AMC reports improved earnings, remains bullish amid streaming challenge

AMC Entertainment Holdings posted improved fourth-quarter and full-year earnings in 2018, the company reported Thursday.

The Leawood, Kansas-based movie theater operator reported net income of $170.6 million, or $0.43 per share, for the quarter ended Dec. 31. That compared to a net loss of $276.4 million, or $2.14 per share, in the fourth quarter of 2017.

Quarterly revenue decreased 0.2 percent, to $1.41 billion from $1.42 billion, but operating costs and expenses decreased by 1.5 percent.

AMC beat Wall Street expectations for the quarter. The consensus estimate of analysts polled by Zacks Equity Research was revenue of $1.4 billion and earnings of 18 cents per share.

For all of 2018, AMC reported net earnings of $110.1 million, up almost $600 million from a net loss of $487.2 million in 2017. Revenue for the year increased 7.5 percent, to $5.5 billion.

AMC, the world’s largest movie theater operator, is No. 1 or No. 2 in 22 of the 25 largest U.S. markets, according to the company. Its Odeon subsidiary operates AMC in 16 European countries.

Attendance at AMC’s American theaters increased by 5.3 percent for the fourth quarter of 2018 compared to the prior-year quarter, while international attendance dropped 5 percent, the company said.

In June, AMC announced Stubs A-List, a program that lets customers attend three movies per week for a $19.95 monthly subscription fee.

The company saw the first effects of the new program in its fourth-quarter report, AMC President and CEO Adam Aaron said in a conference call. AMC had a goal of 500,000 A-List members in 12 months, and Aron said the company hit that target in four and a half months.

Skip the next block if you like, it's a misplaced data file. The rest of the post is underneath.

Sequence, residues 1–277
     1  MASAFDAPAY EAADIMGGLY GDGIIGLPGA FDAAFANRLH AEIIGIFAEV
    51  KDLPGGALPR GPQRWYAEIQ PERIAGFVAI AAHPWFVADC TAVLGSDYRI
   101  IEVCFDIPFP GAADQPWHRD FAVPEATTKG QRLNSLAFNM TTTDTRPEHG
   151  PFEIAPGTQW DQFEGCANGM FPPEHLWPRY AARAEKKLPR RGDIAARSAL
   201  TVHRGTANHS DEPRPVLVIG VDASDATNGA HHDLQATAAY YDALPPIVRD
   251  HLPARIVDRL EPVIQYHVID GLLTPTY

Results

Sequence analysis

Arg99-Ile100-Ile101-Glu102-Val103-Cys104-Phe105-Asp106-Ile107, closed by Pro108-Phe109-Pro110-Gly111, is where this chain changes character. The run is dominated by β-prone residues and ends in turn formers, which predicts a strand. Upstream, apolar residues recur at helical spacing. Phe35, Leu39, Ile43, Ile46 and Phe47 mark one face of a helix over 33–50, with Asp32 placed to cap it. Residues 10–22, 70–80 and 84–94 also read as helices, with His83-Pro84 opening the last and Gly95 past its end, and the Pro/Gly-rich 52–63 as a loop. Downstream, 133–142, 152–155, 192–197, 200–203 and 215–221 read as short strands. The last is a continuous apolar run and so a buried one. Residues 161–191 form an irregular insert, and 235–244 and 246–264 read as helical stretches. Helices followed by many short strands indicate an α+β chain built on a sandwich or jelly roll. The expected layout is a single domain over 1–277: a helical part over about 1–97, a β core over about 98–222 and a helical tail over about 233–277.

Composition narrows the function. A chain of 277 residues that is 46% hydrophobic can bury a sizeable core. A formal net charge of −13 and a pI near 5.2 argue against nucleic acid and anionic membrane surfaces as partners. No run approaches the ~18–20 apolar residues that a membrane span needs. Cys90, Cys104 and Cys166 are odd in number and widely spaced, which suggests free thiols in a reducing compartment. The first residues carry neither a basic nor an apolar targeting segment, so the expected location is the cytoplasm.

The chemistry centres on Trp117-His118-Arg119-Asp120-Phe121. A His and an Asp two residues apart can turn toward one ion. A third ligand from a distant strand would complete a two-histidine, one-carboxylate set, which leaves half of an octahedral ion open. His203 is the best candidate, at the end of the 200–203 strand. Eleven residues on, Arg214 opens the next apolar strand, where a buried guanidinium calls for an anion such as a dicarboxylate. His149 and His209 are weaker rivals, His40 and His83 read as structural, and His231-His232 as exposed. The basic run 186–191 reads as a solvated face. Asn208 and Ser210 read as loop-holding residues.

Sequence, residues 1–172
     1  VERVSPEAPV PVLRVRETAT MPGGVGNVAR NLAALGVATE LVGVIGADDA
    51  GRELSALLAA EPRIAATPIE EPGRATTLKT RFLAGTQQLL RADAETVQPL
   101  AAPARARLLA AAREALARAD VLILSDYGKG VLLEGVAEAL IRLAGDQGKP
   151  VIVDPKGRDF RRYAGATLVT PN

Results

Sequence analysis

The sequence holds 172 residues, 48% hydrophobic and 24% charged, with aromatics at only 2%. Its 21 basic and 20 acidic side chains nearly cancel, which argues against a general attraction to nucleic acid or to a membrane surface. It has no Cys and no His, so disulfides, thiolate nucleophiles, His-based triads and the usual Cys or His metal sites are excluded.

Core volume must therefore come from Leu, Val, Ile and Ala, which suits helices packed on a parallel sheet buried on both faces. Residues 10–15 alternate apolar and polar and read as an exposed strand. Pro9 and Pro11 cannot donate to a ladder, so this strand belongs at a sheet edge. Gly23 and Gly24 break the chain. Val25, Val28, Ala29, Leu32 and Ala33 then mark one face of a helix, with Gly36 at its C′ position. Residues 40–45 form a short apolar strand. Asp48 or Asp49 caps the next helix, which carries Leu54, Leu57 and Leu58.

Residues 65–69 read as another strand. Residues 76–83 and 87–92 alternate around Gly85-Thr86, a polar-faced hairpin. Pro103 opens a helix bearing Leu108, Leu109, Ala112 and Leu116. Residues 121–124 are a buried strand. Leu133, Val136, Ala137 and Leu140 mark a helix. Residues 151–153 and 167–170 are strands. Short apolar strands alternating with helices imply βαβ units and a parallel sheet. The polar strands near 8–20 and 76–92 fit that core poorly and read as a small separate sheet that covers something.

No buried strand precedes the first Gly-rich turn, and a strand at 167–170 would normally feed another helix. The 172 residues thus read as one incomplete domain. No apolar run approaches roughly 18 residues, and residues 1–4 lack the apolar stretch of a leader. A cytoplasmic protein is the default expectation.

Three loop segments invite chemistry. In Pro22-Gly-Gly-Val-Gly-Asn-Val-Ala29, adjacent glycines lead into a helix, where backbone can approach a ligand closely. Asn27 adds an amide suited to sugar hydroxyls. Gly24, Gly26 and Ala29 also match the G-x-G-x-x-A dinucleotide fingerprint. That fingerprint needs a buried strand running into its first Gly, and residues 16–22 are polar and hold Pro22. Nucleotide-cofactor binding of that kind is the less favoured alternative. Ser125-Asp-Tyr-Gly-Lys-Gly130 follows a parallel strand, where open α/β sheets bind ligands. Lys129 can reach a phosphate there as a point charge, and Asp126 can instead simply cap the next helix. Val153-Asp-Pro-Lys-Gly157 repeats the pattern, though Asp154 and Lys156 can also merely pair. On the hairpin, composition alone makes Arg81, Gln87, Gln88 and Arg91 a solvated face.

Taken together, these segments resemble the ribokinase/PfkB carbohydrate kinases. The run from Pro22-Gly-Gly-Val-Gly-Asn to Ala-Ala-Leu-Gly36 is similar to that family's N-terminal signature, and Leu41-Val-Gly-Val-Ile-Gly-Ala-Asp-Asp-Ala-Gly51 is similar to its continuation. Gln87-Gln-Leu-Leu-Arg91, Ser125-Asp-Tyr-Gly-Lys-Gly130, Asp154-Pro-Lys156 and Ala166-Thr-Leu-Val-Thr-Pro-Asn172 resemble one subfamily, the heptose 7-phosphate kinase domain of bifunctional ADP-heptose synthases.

Aron also discussed the positive impact of reclining seating in theaters, saying European theaters with reclining seats saw an average attendance increase of 34 percent during their first year.

Though mobile movie streaming services like Amazon Prime and Netflix pose a threat for movie theaters, Aron said that increased 2018 revenue and earnings are cause for optimism.

“We think it should set to rest once and for all the fallacious argument that movie theaters cannot thrive in an era where ubiquitous content is available in multiple ways including streaming,” Aron said.

Looking forward to 2019, Aron said that he was confident in the company’s performance due to a number of high-profile movies coming to theaters, particularly many family-friendly films that tend to do well both domestically and internationally.

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